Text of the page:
The History of Bassai

by Master Glen Smitts


        Bassai means not just fortress, but to breach or break the fortress. This is from several sources both Japanese and Okinawan. Bassai is an old form that has been practiced since the last century and most martial arts historians I have read or spoken with regarding it's origin say it probably was introduced to the Okinawan archipelago from China, as were many of the forms and techniques practiced on the islands.

       We can only guess at the meanings behind some of the names of the forms we practice. However, I do know one thing, and that is that the Chinese, Japanese, Koreans, etc. almost never give something a name that has a literal translation. Names are almost always allegorical or metaphors, and to interpret them one needs to understand oriental history, religion, and philosophy to some degree.

       Oriental martial arts, medicine, literature, and art is very heavily influenced by it's religious philosophies. The Korean flag is an excellent example of this. The symbol on the flag is TaeGuek (Ta i Chi in Chinese) which translates to the Supreme Terminus or Grand Ultimate. It is the Um (Yin) and Yang symbol which in Taoist belief is the origin of all things. Surrounding this symbol are other symbols from the I Ching or "book of changes", a Taoist text used as a metaphysical guide to daily life for many oriental peoples, even today.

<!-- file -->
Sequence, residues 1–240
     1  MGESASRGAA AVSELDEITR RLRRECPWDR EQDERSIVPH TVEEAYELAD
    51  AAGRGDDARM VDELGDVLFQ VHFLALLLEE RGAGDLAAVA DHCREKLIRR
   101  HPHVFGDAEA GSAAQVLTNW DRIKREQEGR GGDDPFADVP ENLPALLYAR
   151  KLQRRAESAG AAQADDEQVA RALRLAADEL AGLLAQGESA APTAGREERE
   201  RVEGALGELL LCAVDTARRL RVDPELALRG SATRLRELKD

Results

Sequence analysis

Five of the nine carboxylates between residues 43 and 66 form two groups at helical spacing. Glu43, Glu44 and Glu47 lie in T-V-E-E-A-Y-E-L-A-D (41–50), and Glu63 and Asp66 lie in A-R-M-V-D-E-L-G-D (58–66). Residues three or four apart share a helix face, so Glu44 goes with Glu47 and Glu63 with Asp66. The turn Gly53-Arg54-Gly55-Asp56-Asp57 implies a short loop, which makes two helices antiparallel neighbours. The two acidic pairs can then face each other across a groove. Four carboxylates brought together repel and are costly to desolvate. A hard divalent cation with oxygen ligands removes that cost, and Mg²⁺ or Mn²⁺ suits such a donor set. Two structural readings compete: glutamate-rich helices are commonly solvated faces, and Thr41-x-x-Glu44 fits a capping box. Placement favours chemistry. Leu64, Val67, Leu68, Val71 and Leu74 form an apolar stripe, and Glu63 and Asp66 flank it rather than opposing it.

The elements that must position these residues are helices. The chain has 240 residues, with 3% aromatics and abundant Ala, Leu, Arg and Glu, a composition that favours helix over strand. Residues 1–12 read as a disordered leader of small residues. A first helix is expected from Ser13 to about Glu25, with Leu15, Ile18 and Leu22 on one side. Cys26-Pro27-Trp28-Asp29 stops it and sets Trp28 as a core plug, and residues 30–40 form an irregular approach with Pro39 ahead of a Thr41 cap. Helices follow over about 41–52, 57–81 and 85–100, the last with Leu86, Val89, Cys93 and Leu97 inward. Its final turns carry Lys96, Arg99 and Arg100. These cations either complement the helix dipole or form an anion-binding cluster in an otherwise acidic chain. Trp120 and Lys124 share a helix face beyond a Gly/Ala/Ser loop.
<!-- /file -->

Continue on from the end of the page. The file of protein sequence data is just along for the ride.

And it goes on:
Names of acupuncture points in Chinese medicine are another example. Large Intestine # 11, a point found on the lateral elbow, at the lateral end of the cubical crease, midway between the tendon of the biceps and the lateral epicondyle of the humerus, is called Qu Chi in Chinese Pin yin. This translated means "pool at the bend" which reminds us that in 5 elements theory this point is the water point of the Large Intestine channel, located near the bend of the elbow. In this case, the name gives one a clue as to the point's location. Other point's names give clues to their functions, and so on. However, not one of the 361 main meridian points is named as to their literal location or purpose.

      Most traditional, Asian, civilian martial arts in some way either directly or indirectly descend or were influenced by either Shaolin (Buddhist) or Wudang (Taoist) temple arts. In both Buddhism and Taoist theosophy, "the fortress" can symbolize the conscious mind. Forms were practiced not only for their self-defense and health giving values, but also as forms of meditation. Breaking the boundaries of the conscious mind is how one achieves enlightenment. In other words, diligent practice of a form such as Bassai over time should enable the practitioner to be able to transcend any mental and physical obstacles that would prevent him from using the movements instinctively and spontaneously if attacked. So, the practice of Bassai is a tool that could enable us to breach the walls of our mental and physical limitations in order to meet life's challenges.

For me, this has seemed a more credible rationale both in my own practice and in teaching my students than trying to come up with a way that the techniques in Bassai could be use to break through a castle portcullis!



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